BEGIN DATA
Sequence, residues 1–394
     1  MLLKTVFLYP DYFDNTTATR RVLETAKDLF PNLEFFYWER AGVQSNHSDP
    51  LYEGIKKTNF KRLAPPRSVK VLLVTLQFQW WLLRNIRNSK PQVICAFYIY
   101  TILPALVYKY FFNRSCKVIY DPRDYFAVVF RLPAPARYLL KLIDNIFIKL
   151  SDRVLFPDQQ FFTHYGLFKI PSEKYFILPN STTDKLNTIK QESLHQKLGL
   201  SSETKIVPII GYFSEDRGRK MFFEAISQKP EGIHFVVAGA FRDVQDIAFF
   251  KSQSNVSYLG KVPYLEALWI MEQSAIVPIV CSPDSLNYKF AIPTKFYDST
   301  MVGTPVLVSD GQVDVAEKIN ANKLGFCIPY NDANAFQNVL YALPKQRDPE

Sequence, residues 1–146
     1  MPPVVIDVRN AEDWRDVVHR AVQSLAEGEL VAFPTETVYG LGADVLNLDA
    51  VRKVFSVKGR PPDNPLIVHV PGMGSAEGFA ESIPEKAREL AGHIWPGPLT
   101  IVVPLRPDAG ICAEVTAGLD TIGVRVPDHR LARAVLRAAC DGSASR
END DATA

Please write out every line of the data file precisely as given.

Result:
Sequence, residues 1–394
     1  MLLKTVFLYP DYFDNTTATR RVLETAKDLF PNLEFFYWER AGVQSNHSDP
    51  LYEGIKKTNF KRLAPPRSVK VLLVTLQFQW WLLRNIRNSK PQVICAFYIY
   101  TILPALVYKY FFNRSCKVIY DPRDYFAVVF RLPAPARYLL KLIDNIFIKL
   151  SDRVLFPDQQ FFTHYGLFKI PSEKYFILPN STTDKLNTIK QESLHQKLGL
   201  SSETKIVPII GYFSEDRGRK MFFEAISQKP EGIHFVVAGA FRDVQDIAFF
   251  KSQSNVSYLG KVPYLEALWI MEQSAIVPIV CSPDSLNYKF AIPTKFYDST
   301  MVGTPVLVSD GQVDVAEKIN ANKLGFCIPY NDANAFQNVL YALPKQRDPE

Sequence, residues 1–146
     1  MPPVVIDVRN AEDWRDVVHR AVQSLAEGEL VAFPTETVYG LGADVLNLDA
    51  VRKVFSVKGR PPDNPLIVHV PGMGSAEGFA ESIPEKAREL AGHIWPGPLT
   101  IVVPLRPDAG ICAEVTAGLD TIGVRVPDHR LARAVLRAAC DGSASR